Jim Hugunin and John Lam
Jim created Jython and IronPython. John is working on Ruby for the CLR, but has only recently transitioned to working for Microsoft. I get the impression that Ruby for the CLR will be released Really Soon Now.
Just as I was getting grumpy about not having an interactive conversation, Jim and John came on to do the Dynamic Languages on the CLR talk. They turned it into a completely interactive conversation with no Powerpoint. They even turned some of the questions around to the audience, asking for our input. This was SO much more interesting for me, at least, and for the speakers as well, I expect.
The guys took questions:
1.Ruby or Python: Which sucks less? Use the language that fits your mind best. Some people work well in Python. Others have that same experience with Ruby. It’s not necessarily a fundamental difference in languages, but rather a difference in minds. Not a huge argument that one is superior to another. But comparing either to Javascsript is a different question. That language is impoverished. Doing DSL tricks is easy in Ruby and allows people to write closer to the problem domain.
2.How are you going to lock us into your platform? IronPython has always been about being completely compliant implementation of Python and completely integrated with .NET. To do both is a lot of work. So, in Python “strip()” removes whitespace, but in .NET “Trim()” removes whitespace but is illegal in Python. But if you import clr, then for that file ONLY it is allowed to run s.Trim(). So the parts of your code that are doing pure data structures or pure algorithms can ignore whether you’re working in IronPython. Being up front about wanting people to lock into .NET. By providing really cool libraries, they will lock programmers into .NET? Strength is that you can write Mac-specific or .NET-specific code. Pure Python code works everywhere. Python has a huge wealth of pre-existing modules. Those written in Python will work (or it’s a bug in IronPython). Those that are written in C are more problematic. FePy project is a community based project that includes a lot of modules that fill in these gaps.
3.What is the plan for PHP? Would PHP running on .NET, would that be convincing to switch. Not really, so it doesn’t really look like there’s interest. Microsoft is doing dynamic languages because it’s interesting to a group of developers.
4.What is it going to take for Rails to run on top of .NET? Imagine it happens. Is it a good idea? Deployment is a pain in Rails. Want to sell into .NET companies in the enterprise. What it’s going to take is a good business reason to want to use it. Developers need to want it.
5.When is the veil of silence going to be limited? Jim went dark for 8 months after coming to work at Microsoft. IronPython is being run as an open source project with an open mailing list. IronPython 1.1 was just released. Incremental releases were driven by user bug reports in an open, interactive way. Python 2.0 more modules, end of year. John’s only been at Microsoft for 2 months, so he will start becoming more open soon.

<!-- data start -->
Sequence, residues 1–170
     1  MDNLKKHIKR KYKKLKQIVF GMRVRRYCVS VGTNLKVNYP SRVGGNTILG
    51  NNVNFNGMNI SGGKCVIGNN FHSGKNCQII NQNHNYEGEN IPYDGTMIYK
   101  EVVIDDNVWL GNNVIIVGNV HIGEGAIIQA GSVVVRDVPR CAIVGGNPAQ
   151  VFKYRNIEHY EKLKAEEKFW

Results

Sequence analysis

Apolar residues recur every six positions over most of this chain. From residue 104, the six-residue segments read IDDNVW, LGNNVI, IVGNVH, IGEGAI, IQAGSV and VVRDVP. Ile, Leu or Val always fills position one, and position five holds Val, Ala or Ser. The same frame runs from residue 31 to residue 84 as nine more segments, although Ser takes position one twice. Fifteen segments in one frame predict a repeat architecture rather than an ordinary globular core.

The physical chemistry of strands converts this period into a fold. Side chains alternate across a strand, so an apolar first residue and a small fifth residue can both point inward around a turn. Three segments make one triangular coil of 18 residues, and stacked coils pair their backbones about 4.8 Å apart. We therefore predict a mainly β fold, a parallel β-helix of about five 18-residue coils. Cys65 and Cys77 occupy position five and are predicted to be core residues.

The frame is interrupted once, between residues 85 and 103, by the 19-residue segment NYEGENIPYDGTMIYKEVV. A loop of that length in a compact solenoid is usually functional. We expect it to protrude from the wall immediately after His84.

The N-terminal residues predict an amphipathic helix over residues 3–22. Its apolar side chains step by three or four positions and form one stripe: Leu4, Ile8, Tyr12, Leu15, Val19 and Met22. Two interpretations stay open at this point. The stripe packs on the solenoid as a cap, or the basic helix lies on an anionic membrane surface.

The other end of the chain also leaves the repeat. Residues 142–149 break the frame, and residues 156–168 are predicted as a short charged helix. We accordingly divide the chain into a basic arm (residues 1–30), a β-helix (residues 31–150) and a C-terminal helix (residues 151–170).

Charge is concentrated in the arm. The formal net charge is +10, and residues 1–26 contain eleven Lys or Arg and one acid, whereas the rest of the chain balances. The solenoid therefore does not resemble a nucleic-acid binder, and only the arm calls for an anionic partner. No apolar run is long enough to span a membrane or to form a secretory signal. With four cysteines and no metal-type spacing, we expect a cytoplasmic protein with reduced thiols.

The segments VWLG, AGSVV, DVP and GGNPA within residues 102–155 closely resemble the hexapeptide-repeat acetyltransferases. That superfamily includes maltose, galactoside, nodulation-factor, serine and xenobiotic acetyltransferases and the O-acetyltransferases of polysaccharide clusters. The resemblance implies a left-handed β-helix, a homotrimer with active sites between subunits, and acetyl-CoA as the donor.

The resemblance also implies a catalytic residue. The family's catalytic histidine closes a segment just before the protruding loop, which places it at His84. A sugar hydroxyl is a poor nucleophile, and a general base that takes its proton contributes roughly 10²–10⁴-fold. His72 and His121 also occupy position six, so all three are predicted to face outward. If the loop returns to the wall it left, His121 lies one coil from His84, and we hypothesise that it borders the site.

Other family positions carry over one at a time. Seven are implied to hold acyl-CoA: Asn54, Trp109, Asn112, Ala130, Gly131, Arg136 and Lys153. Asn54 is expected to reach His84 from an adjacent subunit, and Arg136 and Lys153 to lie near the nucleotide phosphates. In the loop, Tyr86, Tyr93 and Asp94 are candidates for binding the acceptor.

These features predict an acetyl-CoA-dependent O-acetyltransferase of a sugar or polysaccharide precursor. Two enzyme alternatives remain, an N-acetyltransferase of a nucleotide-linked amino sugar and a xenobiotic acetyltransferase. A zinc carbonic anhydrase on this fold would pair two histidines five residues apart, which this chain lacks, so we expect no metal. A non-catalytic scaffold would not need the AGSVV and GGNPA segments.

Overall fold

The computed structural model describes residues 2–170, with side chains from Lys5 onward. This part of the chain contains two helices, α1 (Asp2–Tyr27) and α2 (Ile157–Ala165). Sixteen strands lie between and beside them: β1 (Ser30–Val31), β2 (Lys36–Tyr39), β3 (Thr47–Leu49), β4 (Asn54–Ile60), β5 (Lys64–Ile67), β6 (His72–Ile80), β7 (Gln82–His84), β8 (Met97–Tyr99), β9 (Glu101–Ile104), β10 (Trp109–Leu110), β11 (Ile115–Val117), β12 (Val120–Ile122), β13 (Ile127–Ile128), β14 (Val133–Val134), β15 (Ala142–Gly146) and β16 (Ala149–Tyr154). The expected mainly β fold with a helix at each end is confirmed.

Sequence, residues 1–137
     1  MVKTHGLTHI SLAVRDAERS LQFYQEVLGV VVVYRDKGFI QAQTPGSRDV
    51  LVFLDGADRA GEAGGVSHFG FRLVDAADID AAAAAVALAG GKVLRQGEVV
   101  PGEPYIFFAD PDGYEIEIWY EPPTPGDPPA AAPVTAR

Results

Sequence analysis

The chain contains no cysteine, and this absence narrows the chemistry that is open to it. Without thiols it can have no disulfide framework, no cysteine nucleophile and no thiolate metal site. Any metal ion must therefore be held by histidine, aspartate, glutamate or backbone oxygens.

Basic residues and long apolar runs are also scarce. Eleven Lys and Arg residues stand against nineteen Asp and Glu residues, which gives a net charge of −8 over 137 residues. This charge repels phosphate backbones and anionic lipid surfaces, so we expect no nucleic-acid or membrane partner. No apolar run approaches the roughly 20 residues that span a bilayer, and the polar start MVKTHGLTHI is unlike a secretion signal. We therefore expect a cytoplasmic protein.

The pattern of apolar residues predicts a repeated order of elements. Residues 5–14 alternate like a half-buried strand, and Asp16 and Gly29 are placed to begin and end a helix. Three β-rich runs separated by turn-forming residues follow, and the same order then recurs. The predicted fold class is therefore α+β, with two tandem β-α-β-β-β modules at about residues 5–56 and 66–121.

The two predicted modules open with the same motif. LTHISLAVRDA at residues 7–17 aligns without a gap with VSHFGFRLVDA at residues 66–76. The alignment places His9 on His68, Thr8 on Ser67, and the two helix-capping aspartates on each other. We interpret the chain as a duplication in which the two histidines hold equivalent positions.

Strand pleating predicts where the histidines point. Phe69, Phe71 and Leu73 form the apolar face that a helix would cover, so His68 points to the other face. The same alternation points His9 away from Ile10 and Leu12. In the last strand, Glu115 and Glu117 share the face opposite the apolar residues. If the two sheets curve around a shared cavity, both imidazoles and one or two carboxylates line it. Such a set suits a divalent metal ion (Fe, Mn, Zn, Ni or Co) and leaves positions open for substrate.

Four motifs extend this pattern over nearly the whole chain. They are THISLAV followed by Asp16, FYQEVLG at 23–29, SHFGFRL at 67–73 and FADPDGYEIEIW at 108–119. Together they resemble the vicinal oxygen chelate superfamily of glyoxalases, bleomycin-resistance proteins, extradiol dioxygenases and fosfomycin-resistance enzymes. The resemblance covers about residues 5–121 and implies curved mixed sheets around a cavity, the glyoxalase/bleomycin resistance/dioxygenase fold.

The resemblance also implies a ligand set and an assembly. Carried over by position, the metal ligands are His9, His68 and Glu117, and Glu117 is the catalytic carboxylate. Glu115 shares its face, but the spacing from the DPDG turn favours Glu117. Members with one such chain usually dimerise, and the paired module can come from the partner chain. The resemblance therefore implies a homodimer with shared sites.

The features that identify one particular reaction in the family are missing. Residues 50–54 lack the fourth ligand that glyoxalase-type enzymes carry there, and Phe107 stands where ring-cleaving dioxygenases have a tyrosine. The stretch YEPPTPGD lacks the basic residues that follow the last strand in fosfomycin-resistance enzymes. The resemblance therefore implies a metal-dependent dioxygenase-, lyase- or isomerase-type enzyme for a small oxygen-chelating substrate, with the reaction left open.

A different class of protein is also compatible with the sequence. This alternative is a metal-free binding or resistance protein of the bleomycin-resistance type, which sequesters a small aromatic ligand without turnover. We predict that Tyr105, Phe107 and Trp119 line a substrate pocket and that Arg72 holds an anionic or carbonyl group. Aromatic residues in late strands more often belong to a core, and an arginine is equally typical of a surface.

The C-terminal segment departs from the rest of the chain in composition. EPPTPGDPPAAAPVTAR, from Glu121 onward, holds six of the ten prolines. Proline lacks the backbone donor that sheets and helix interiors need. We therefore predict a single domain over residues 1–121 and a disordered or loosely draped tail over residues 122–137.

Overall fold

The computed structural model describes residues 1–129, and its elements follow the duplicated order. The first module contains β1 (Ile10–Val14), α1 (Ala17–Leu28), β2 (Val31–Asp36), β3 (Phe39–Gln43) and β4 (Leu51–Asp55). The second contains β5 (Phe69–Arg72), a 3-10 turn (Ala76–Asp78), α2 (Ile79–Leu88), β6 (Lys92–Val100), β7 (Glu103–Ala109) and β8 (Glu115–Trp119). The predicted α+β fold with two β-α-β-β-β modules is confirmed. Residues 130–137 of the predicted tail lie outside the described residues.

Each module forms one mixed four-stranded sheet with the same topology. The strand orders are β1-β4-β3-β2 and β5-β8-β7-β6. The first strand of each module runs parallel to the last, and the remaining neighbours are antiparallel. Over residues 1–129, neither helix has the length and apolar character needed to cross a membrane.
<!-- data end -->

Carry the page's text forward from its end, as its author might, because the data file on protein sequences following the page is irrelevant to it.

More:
6.Why dynamic languages? There are millions of programmers who clearly love dynamic languages. It works for them. Let them program in a way that they enjoy and can be productive. More expressive. First refactoring tool written for Smalltalk. First unit testing framework written for Smalltalk. Good ideas have come out of the dynamic language community.
8.Mono? Mono doesn’t work well. Winforms and GTK# and supposedly it’s compatible. Some say it runs beautifully and some say it doesn’t run at all. Mono regularly runs IronPython.
9.Should dynamic languages be an Intro CS100 language? Yes, dramatically lower barrier to entry. Number of things you need to know to write a program in a static language: classes, methods, static method calls. In dynamic languages only need a function call or statement to write Hello World. If you want to talk about the essence of programming, it’s about control flow and data structures, not types. But the lower concept count means that people with less programming experience can write in dynamic languages. Means that it might have an impact in terms of nonprogrammers writing code. Introducing patterns on top of the language adds a different level of complexity. Malleable syntax in Ruby allows for custom languages like Rails DSL. The ability to create DSLs in Ruby is interesting.
10.What about IDE support? Today, for IronPython, Visual Studio SDK shows people how to extend Visual Studio. It includes IronPython integration (all written in C#). Minimal intellisense support, ships as a sample. Left to developers to extend. The lightweight solution to an IDE is a real challenge. Can use the debugger today. The best part of IronPython/.NET integration is availability of the debugger. Profiler works poorly. Infrastructure issue that needs to be solved fairly soon. RubyCLR: John demo’ed an IDE that he worked on before he came to Microsoft. He was running on a Mac, running RubyCLR. He used WPF with Ruby, using Ruby metaprogramming stuff. This enabled him to reduce the number of things he had to type.